HomeNewsARL NewsARL Joins 86 Orgs, Internet Companies Demanding Committee Investigation, End to Dragnet Spying

ARL Joins 86 Orgs, Internet Companies Demanding Committee Investigation, End to Dragnet Spying

phone with sticker on it saying "this phone is tapped"image © François ProulxYesterday, ARL joined with a broad, bipartisan coalition of 86 organizations and Internet companies—including the Electronic Frontier Foundation, reddit, Mozilla, and the American Civil Liberties Union—to send a letter to Congress demanding swift investigation and reform in light of the recent revelations about unchecked global surveillance.

The letter was accompanied by the launch of StopWatching.Us, a global petition demanding an inquiry into the scope and scale of spying activities.

Responding to recent leaked documents providing detailed evidence of the National Security Agency (NSA)’s collection of telephone records and online activity of innocent Americans and global Internet users, the groups called for a congressional investigatory committee similar to the Church Committee of the 1970s. The letter demands legal reforms to rein in spying and that public officials responsible for this unconstitutional surveillance be held accountable for their actions.

The letter denounced NSA’s spying program as illegal, noting:

This type of blanket data collection by the government strikes at bedrock American values of freedom and privacy. This dragnet surveillance violates the First and Fourth Amendments of the U.S. Constitution, which protect citizens’ right to speak and associate anonymously and guard against unreasonable searches and seizures that protect their right to privacy.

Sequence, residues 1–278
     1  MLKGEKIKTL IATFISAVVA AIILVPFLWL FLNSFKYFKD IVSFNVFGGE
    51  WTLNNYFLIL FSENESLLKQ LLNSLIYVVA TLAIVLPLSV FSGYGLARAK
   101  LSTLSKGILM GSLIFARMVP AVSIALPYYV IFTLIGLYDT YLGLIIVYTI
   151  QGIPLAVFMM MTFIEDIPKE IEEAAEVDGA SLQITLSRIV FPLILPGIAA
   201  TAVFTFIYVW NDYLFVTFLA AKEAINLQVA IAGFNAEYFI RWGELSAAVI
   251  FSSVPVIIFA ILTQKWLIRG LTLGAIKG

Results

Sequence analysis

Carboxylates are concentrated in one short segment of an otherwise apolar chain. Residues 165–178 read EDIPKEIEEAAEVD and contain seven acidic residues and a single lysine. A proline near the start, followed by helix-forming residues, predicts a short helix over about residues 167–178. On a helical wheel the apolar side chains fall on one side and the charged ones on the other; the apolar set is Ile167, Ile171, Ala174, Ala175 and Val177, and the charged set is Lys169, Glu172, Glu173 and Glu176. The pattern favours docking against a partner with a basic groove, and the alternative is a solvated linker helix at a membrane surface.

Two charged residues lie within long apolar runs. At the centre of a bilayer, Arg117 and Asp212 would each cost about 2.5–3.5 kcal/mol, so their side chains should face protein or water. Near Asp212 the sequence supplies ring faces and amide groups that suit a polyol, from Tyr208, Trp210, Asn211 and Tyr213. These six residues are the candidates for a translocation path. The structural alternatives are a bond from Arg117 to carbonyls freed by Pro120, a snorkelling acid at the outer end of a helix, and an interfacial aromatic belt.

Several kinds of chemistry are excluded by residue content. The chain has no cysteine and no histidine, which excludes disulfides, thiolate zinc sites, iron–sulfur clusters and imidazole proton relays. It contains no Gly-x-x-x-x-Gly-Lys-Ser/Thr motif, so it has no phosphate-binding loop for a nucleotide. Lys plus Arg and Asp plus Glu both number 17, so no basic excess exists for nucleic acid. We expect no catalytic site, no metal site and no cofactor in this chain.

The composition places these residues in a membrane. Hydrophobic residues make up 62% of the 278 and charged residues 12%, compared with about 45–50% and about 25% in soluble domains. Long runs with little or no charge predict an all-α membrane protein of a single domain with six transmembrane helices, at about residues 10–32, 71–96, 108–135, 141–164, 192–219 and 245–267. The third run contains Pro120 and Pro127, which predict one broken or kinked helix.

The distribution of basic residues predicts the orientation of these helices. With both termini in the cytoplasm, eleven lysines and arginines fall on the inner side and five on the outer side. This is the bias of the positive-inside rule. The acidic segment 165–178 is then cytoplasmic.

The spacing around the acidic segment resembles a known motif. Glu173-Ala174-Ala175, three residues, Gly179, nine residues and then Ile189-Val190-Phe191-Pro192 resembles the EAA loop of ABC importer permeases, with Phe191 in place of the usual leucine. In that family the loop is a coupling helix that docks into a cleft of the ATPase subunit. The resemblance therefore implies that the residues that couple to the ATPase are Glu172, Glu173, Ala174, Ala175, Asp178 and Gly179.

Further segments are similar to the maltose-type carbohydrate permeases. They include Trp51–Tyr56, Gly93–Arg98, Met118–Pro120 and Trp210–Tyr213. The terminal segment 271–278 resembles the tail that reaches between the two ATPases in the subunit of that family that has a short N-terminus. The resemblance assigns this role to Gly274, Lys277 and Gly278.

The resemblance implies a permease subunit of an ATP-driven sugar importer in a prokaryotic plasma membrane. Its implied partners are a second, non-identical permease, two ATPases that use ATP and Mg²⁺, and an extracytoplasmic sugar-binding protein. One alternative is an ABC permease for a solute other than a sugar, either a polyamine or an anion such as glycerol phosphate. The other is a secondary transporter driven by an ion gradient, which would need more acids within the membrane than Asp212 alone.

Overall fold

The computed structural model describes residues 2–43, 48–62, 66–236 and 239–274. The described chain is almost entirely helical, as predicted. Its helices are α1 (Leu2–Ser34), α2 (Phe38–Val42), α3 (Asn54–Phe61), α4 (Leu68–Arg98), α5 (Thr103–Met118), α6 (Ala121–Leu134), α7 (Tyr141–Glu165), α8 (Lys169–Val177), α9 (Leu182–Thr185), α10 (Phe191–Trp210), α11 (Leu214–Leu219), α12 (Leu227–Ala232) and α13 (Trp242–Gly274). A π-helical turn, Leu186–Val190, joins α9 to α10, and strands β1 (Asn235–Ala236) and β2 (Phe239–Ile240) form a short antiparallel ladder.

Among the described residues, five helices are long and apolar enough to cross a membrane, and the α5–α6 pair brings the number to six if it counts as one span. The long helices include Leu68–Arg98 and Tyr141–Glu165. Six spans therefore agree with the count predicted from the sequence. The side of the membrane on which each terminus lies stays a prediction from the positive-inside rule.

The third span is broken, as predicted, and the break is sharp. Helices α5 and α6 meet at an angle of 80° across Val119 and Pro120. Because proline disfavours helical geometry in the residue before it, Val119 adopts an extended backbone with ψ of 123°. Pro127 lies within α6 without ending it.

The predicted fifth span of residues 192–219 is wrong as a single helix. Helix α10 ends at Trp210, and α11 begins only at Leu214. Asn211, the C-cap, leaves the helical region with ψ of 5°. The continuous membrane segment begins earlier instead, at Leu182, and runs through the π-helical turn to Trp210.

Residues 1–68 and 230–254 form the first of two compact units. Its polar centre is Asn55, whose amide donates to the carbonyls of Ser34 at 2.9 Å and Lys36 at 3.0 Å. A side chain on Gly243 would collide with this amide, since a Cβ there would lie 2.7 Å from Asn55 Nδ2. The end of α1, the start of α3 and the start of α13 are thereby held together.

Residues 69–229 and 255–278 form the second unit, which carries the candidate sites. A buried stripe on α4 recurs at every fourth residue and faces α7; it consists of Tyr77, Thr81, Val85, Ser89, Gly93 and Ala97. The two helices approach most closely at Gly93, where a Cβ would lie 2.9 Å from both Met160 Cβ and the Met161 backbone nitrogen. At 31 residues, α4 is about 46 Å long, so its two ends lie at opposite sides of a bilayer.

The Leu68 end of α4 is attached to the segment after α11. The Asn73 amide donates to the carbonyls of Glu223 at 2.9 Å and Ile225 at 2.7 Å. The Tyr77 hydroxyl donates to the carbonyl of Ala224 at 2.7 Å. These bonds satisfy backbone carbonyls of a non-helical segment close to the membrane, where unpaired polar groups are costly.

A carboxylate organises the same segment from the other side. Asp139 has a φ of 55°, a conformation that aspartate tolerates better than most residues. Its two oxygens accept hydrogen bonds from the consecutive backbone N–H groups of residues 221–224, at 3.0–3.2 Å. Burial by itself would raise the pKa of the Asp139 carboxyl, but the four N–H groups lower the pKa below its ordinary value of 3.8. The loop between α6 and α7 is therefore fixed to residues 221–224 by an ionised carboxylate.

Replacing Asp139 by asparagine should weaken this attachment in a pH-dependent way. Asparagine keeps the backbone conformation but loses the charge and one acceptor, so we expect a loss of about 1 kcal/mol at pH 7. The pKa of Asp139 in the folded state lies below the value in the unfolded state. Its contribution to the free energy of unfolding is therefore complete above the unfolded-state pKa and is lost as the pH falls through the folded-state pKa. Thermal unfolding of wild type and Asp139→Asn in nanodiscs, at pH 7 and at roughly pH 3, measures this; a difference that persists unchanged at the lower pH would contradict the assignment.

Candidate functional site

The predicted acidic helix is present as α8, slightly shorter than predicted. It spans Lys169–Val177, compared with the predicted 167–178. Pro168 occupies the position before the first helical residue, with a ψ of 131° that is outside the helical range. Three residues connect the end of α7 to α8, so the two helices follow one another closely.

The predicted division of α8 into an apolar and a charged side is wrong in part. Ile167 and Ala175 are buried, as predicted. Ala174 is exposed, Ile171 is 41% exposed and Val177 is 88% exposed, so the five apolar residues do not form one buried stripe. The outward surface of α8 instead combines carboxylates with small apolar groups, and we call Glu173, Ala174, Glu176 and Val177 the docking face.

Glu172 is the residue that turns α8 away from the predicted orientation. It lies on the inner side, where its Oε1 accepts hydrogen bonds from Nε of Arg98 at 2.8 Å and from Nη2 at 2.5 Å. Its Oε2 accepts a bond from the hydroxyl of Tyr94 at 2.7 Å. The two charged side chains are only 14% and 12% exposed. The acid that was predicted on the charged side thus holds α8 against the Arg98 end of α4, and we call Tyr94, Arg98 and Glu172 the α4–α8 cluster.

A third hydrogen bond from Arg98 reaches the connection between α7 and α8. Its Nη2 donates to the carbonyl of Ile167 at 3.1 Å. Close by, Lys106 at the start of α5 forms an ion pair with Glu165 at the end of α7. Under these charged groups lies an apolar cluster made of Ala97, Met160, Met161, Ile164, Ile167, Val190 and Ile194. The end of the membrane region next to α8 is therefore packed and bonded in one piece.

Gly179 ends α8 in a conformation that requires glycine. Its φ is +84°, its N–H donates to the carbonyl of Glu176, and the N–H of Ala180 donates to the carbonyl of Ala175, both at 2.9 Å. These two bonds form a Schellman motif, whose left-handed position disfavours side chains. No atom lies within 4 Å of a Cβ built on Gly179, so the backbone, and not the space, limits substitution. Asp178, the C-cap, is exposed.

The groups called for a numbers of specific reforms in their open letter to Congress, including:

  • Reform to the controversial Section 215 of the USA PATRIOT Act, the “business records” section which, through secret court orders, was misused to force Verizon to provide the NSA with detailed phone records of millions of customers
  • Reform to the FISA Amendment Act, the unconstitutional law that allows the government to conduct mass surveillance on American and international communications nearly without restriction
  • Amendment to the state secrets privilege, the legal tool that has expanded over the last 10 years to prevent the government from being held accountable for domestic surveillance
  • The formation of a Congressional investigatory committee to investigate, report, and reveal to the public the extent of domestic spying, and the creation of specific recommendations for legal and regulatory reform to end unconstitutional surveillance
  • Accountability for those public officials found to be responsible

The global petition site, StopWatching.Us, offers American citizens and residents the ability to directly contact their elected representatives to demand oversight and reform, echoing the concerns of the coalition letter. The petition will allow non-US persons to communicate their concerns directly to the White House.

Individuals who would like to speak out against NSA spying are encouraged to sign the petition at StopWatching.Us.

Read the full letter to Congress on the ARL Policy Notes blog.


The Association of Research Libraries (ARL) is a nonprofit organization of 125 research libraries in the US and Canada. Its mission is to influence the changing environment of scholarly communication and the public policies that affect research libraries and the diverse communities they serve. ARL pursues this mission by advancing the goals of its member research libraries, providing leadership in public and information policy to the scholarly and higher education communities, fostering the exchange of ideas and expertise, facilitating the emergence of new roles for research libraries, and shaping a future environment that leverages its interests with those of allied organizations. ARL is on the web at http://www.arl.org/.

 
 
 
 

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